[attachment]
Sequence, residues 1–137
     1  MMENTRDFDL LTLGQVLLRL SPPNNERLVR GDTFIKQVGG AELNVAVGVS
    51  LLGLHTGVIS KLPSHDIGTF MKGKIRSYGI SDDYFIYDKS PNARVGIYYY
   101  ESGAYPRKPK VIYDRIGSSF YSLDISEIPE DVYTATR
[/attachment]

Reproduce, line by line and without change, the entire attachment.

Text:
Sequence, residues 1–137
     1  MMENTRDFDL LTLGQVLLRL SPPNNERLVR GDTFIKQVGG AELNVAVGVS
    51  LLGLHTGVIS KLPSHDIGTF MKGKIRSYGI SDDYFIYDKS PNARVGIYYY
   101  ESGAYPRKPK VIYDRIGSSF YSLDISEIPE DVYTATR